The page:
Clements is grateful to HMC and Dr. Patricia Hacker for giving him the opportunity to have his piece performed. He is also grateful to our patrons and supporters for listening.
“Throughout history, the arts have required patrons. In an age where we no longer have nobility, the organizations have become these patrons. I am sure I would not be doing what I am doing if there weren’t people willing to give me the chance to write for them,” Clements acknowledges.
As HMC moves forward with a live and in-person 2021-2022 season, we are grateful to you, our audience, for sticking with us through the drought of Covid, and giving us the chance to sing for you again.
The Huntsville Master Chorale performs Dennis Clements' Dona Nobis Pacem.
Dona nobis pacem tuam
Cum hic mundus scinditur,
Adjuva nos ut illa pax vera simus
Vera pax tua
Dona, Domine, pacem tuam nobis.
Give us your peace
During times of trouble.
When this world is torn apart,
Help us to be that true peace
Which is yours.
Give us, O Lord, your peace.
Patricia Ramirez Hacker, Artistic Director
Was appointed as Artistic Director of the Huntsville Master Chorale in 2012. In 2010, Dr. Hacker moved to Huntsville to serve as Director of Music at First Presbyterian Church where she directs the Chancel Choir, Youth choir and Youth and Adult handbell choirs. Since then she has gained recognition not only as conductor, but also as a vocal coach and singer. In 2011, she was invited to be the clinician for the Middle and High School mixed choir for the Huntsville All City Choral Festival. For the past three consecutive years, her students have won the Outstanding Choral Student for the city, regional and state choral competitions in Alabama.
Dr. Hacker has served as Adjunct Professor of Voice at Alabama A&M University and the University of Mobile where she taught diction, vocal literature, and choral conducting. At the University of Southern Mississippi, Dr. Hacker received full assistantship and scholarships in voice and choral conducting. During her tenure at Southern Miss, she taught voice and conducted operas for the outreach program. She also served as conductor and assistant conductor of the prestigious Southern Chorale, University Singers, Chamber Singers, and Gulf Coast Civic Chorale. Furthermore, she had the opportunity to conduct the Southeastern Louisiana University Concert Choir and served as assistant conductor for the University Singers and Women's Ensemble.
As a singer she has appeared as soloist in major choral works, with professional opera companies, and as recitalist in Louisiana, Mississippi, New York, Washington D.C., México, Colombia, Guatemala, El Salvador, and Costa Rica. In 2010, she appeared as soloist at Carnegie Hall for the world premiere of "An American Requiem" by Edwin Penhorwood. For five consecutive years, Dr. Hacker won first place in state and regional NATS competitions. She is also winner of the William T. Gower concerto competition.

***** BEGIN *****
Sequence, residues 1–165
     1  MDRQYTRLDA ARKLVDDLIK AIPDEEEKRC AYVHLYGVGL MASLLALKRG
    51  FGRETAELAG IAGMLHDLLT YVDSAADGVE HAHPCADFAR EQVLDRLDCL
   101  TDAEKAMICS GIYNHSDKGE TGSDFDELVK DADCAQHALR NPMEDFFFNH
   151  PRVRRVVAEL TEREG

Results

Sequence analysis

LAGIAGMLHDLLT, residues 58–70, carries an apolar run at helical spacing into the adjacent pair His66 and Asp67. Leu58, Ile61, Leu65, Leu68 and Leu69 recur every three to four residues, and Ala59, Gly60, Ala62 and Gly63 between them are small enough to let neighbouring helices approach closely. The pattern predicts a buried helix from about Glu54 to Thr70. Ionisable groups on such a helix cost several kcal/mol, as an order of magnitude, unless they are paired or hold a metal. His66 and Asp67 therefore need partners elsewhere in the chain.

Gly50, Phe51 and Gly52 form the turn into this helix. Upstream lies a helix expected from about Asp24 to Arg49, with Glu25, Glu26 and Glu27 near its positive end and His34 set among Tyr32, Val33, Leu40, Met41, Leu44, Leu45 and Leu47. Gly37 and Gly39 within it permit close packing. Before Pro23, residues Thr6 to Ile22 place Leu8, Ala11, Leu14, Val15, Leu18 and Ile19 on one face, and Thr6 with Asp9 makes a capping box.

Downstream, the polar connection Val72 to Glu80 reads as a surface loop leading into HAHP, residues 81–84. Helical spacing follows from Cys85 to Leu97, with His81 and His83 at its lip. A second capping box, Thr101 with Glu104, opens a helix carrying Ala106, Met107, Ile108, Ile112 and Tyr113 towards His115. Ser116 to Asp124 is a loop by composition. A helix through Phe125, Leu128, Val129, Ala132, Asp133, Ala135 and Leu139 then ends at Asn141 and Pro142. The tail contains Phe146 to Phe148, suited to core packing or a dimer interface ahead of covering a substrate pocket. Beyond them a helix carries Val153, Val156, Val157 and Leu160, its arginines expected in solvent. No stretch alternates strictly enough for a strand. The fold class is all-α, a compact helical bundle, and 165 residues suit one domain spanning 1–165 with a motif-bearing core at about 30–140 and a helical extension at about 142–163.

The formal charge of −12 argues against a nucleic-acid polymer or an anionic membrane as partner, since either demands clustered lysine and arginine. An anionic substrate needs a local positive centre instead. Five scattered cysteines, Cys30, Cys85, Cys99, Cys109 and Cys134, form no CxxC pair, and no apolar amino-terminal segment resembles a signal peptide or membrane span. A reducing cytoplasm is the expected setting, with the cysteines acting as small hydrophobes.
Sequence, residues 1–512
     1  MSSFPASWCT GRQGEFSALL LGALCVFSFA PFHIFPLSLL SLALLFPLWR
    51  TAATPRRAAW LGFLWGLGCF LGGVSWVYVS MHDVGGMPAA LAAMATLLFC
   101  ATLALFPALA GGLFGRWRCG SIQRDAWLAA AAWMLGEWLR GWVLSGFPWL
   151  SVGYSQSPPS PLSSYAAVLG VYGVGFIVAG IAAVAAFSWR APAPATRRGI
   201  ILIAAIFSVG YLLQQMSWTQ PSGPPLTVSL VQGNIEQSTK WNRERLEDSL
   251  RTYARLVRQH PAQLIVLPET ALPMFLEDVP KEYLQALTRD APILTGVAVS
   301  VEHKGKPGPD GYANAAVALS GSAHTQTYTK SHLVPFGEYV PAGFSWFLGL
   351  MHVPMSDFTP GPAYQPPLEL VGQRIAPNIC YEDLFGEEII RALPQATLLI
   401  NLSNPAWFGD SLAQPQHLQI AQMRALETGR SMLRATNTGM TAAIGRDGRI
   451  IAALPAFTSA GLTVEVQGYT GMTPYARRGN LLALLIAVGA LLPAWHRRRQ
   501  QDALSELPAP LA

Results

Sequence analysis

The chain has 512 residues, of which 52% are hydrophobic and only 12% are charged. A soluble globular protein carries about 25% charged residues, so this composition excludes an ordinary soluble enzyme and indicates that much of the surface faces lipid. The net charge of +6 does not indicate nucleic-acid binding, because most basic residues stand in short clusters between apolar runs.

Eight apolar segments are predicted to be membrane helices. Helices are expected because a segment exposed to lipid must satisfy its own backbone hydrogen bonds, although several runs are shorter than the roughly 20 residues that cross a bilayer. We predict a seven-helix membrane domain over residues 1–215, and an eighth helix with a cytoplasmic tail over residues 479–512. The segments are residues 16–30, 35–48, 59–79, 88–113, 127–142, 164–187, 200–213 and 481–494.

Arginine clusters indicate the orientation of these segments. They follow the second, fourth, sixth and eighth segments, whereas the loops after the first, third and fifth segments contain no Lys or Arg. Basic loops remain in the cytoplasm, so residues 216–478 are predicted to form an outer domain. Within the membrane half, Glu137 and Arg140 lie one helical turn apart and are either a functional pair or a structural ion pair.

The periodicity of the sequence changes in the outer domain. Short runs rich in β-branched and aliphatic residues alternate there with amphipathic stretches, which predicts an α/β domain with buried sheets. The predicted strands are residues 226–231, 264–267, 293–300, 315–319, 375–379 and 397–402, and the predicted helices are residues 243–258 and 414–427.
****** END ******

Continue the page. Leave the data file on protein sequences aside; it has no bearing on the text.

Along with her work in the academic field, Dr. Hacker has been a successful church choral conductor in Louisiana, Mississippi and Alabama.
Dr. Patricia Ramirez Hacker obtained her Doctorate in Choral Conducting and Master's degree in Choral Conducting and Vocal Performance and Pedagogy from the University of Southern Mississippi. She also received her Bachelor's of Music degree in Vocal Performances and Pedagogy from Southeastern Louisiana University.
Sharon Keffer, Accompanist
Sharon Keffer is Worship Arts Pastor at Huntsville First Church of the Nazarene where she has served for nearly 20 years. In addition to her work as a minister, she enjoys accompanying various groups in the community and is in her 11th season as the accompanist for the Huntsville Master Chorale.
Ms. Keffer accompanies several schools in the area for festivals and competitions, including Mountain Gap Middle School, The Academy for Academics and Arts, Hazel Green High School, Buckhorn High School, Sparkman Ninth, and Sparkman High School. She has had the privilege of accompanying the Madison County Honor Choirs for 4 years.
She enjoys interacting with and supporting teens in the school music programs and served for 5 years as an administrative assistant for the bands at Mountain Gap Middle School. For the past 8 years she has also been the announcer for The Brass Band of Huntsville.
Sharon is married to Dr. Charles Keffer, a senior research scientist, and they have three children. She has undergraduate degrees in Biology, Chemistry, and Secondary Education. As an ordained minister in the Church of the Nazarene, Sharon stays busy serving on the pastoral staff of her church, but she also finds time for reading, bicycling, mentoring young people and trying to be a good long-distance “Grammy” to 3-year-old Emma in Minnesota.